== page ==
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Review: Richard Mille Tourbillon RM68-01 Cyril Kongo

Horology meets street art in this graffiti-inspired piece.

For someone more accustomed to spraying paint over metres of outdoor surfaces, French-Vietnamese artist Cyril Phan (above), or Cyril Kongo as he’s professionally known, took on the challenge of painting across mere millimetres of space. His canvas? The RM 68-01.

Kongo spent over a year experimenting using special tools like an airbrush developed to allow the release of one drop of colour at a time. He also used special tweezers to treat the movement parts without touching them, and extra care had to be taken so that paint wouldn’t get onto the gears.


On the surface, it looks as though the paint is randomly scattered but in fact, a lot of calculation went into it. Even the weight of the paint had to be pre-determined so it wouldn’t upset the equilibrium of the calibre and throw it off-balance.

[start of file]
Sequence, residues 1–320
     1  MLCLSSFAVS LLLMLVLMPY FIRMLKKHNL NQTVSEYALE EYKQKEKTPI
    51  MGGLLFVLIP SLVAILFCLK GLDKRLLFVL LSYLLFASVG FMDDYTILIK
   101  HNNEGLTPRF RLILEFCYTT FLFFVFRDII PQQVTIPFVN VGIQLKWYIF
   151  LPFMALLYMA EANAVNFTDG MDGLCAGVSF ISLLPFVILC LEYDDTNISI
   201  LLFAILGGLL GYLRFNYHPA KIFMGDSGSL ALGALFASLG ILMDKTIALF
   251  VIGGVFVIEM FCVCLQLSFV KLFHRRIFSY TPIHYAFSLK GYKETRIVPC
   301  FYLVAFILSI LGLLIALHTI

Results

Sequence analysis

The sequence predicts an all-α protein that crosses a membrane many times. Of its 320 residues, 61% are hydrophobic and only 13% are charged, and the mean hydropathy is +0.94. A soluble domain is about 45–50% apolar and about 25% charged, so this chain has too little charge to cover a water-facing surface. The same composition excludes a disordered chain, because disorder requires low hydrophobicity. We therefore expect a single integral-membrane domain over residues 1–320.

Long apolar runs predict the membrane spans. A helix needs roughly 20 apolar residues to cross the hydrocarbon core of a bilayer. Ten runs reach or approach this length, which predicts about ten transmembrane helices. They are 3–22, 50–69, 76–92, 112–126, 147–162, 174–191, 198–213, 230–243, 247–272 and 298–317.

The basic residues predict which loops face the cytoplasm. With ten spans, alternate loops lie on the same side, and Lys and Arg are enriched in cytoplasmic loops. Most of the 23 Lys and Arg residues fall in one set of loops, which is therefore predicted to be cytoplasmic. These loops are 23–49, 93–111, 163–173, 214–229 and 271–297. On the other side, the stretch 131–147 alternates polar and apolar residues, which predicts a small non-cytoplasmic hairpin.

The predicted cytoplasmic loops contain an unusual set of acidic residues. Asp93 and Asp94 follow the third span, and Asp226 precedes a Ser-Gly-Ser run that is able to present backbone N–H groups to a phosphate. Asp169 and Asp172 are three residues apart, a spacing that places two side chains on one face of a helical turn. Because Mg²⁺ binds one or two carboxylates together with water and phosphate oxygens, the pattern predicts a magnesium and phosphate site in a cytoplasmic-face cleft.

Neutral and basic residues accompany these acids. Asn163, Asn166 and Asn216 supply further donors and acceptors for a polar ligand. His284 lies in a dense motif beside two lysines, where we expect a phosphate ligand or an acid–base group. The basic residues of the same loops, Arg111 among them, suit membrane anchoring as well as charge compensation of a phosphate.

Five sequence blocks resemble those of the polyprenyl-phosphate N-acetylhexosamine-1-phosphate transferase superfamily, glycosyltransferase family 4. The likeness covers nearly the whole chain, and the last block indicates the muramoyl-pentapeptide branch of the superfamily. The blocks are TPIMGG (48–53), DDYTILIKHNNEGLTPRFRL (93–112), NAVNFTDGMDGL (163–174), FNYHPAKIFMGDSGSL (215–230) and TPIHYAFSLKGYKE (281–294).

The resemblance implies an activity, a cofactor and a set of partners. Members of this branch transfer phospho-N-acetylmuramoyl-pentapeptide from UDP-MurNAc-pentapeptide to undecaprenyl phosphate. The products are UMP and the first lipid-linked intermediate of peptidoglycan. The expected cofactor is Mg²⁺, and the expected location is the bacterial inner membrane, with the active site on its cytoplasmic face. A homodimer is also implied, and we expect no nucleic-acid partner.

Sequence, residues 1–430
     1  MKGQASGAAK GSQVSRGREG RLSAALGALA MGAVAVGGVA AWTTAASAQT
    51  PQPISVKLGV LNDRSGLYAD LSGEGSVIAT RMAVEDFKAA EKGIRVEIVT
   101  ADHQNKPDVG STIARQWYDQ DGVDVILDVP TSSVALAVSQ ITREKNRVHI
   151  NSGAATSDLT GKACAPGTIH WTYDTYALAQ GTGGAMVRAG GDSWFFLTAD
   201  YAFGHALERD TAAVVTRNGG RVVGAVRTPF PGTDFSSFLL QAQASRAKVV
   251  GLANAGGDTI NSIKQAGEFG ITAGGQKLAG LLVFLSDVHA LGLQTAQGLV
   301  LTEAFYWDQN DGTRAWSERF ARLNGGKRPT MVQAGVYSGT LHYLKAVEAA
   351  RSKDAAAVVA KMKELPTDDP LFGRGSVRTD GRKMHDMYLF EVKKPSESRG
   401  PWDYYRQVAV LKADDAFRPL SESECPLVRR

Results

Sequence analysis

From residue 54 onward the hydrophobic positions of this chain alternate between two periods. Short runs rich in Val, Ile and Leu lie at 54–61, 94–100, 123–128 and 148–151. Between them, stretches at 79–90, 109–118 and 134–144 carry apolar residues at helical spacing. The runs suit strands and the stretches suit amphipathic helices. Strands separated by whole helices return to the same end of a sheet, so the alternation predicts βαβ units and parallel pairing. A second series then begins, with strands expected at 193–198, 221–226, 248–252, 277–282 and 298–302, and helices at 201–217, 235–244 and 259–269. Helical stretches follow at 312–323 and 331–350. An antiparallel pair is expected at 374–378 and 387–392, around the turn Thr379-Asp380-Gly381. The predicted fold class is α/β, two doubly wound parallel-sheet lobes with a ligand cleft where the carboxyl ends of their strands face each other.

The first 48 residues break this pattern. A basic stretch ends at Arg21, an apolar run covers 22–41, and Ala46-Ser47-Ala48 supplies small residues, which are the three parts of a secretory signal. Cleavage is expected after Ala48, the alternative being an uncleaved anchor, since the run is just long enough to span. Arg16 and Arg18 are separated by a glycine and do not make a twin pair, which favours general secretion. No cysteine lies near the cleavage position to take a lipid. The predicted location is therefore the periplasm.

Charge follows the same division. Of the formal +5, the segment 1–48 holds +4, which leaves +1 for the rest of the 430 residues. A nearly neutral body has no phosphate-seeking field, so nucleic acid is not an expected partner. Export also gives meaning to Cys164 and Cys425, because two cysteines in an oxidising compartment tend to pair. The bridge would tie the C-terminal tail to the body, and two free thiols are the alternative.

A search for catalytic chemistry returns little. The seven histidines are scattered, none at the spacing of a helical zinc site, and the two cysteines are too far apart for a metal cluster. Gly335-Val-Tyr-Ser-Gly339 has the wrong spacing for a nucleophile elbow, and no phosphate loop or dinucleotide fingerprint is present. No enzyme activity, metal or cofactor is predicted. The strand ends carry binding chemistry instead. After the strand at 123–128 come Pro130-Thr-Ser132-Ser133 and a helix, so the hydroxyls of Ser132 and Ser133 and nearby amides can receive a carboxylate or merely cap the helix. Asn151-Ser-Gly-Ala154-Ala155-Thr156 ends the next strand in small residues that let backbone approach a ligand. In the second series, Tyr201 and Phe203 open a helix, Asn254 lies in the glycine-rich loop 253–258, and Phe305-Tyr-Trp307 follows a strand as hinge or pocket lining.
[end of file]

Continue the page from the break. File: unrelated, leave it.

The calibre RM 68-01 manual winding tourbillon comes with a torque-limiting crown, which prevents over-winding so you don’t damage the winding stem or impose too much pressure on the mainspring barrel. Low-density TZP black ceramic is also employed in the bezel and caseback to keep the watch lightweight and scratch-resistant. Thanks to the transparent caseback, Kongo's art can be appreciated in its full glory both sides of the watch. 


With its asymmetrical dial and splash of colours, this watch is undoubtedly a conversation piece. What makes it even more unique is that it’s limited to 30 pieces, with each one entirely hand-painted and treated with spray paint. Sure takes wearable art to another level. Price available upon request. 

Ex Managing Editor

Like most people these days, Melissa tells the time with her phone. She considers serious timepieces works of art and thinks the perpetual calendar is the handiest complication to date (pun not intended). She's also a Grammar Nazi but promises not to judge if you can't tell the difference between "guilloche" and "guillotine".

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